And his big emotions, which I love and cherish so deeply, can also become an obstacle for him at school. He has something called Rejection Sensitivity Dysphoria(RSD) —another common trait in people with ADHD. RSD is the tendency for some people with ADHD to respond with extreme emotional pain when they feel rejected or criticized. My son’s strong emotions tied to RSD cause him to perceive emotionally neutral things in a deeply emotional way. For instance, this year, one of his teachers often did what he described as “glaring” at him when he wasn’t doing what he was supposed to be doing. He told us she was glaring and giving him dirty looks, and that he felt humiliated. When we spoke to the teacher, she explained that she gives him “deliberate, wordless eye contact” as a way to silently communicate to him that he’s not doing the right thing and needs to re-direct. She said this was her way of correcting him without drawing the other children’s attention. I believe her. But it was clear that it wasn’t the right action to take with my son. When she “glared” at him (as my son perceived it), he felt ashamed and rejected, and would begin to act out. He would cry, or sometimes shout. He would occasionally become defiant and disruptive. And all of this was because he was having a profound emotional experience that the neurotypical students (and teacher) couldn’t relate to. So, because the use of eye-contact in that way triggered my son’s rejection sensitivity, we worked with her to come up with other ways to signal to him that he needs to redirect.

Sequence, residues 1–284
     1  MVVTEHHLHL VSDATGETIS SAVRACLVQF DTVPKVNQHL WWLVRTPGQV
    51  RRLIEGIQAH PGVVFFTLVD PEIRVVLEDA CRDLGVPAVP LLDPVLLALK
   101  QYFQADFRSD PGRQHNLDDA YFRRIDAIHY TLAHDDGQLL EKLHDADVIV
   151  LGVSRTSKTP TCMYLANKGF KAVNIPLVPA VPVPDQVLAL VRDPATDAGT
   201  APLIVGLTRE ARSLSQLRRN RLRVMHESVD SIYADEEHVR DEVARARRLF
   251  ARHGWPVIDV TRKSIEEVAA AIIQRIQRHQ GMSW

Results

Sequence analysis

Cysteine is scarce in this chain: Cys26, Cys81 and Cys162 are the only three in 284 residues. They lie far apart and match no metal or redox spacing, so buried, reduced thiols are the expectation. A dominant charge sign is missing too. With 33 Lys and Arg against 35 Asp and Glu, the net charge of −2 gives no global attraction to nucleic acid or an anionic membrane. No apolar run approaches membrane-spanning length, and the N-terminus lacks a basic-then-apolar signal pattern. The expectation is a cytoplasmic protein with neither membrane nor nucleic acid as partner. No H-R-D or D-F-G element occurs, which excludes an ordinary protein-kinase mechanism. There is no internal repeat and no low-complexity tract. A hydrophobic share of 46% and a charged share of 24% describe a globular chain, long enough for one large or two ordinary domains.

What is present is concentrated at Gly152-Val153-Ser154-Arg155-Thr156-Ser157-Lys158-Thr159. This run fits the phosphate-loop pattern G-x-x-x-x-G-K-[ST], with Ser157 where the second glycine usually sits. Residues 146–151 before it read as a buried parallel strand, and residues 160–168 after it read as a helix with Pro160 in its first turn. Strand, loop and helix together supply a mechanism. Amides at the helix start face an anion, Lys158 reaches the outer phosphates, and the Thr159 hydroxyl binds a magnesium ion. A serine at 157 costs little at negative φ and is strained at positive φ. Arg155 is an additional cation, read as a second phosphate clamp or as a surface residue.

It’s easy to classify these things as “behavioral issues.” The most uncharitable interpretation of his behavior in the classroom would be: distracted, disruptive, inattentive, and explosive. And sadly, that’s how many people responsible for his well-being, myself included, perceived it.

But my son does not have behavioral issues.

He has inattentiveness. Hyper-fixation. Time-blindness (another common trait of people with ADHD). He has Rejection Sensitivity. Difficulties with Emotion Regulation. And Anxiety about how all of those things will impact him in the classroom.

Some may argue that it is a semantic difference, and maybe it is. If his inner experiences are manifesting functionally as inappropriate behavior in the classroom, it’s understandable to label it a “behavioral issue.”

But our words matter. The way we think and talk about things is powerful. It can foster hope and positivity, or hopelessness and despair. To minimize my son’s experiences down to a behavioral issue is to strip him of all the underlying experiences that manifest the behavior. It is to strip him of his essential humanity.

I will never again say my son has behavioral issues.

He is a person with complex inner experiences that translate into the outer world.

Rather than focusing on the visible, behavioral result of those experiences, I am going to focus my attention, my energy, and even my words, on those rich internal experiences. And I’ve come to believe that in addressing the inner invisible experiences, the visible behaviors will resolve themselves on their own.

Amber Wardell is a doctor of psychology and author who speaks on women’s issues related to marriage, motherhood, and mental health. Subscribe to the free newsletter to get exclusive content delivered to your inbox and to never miss an upload.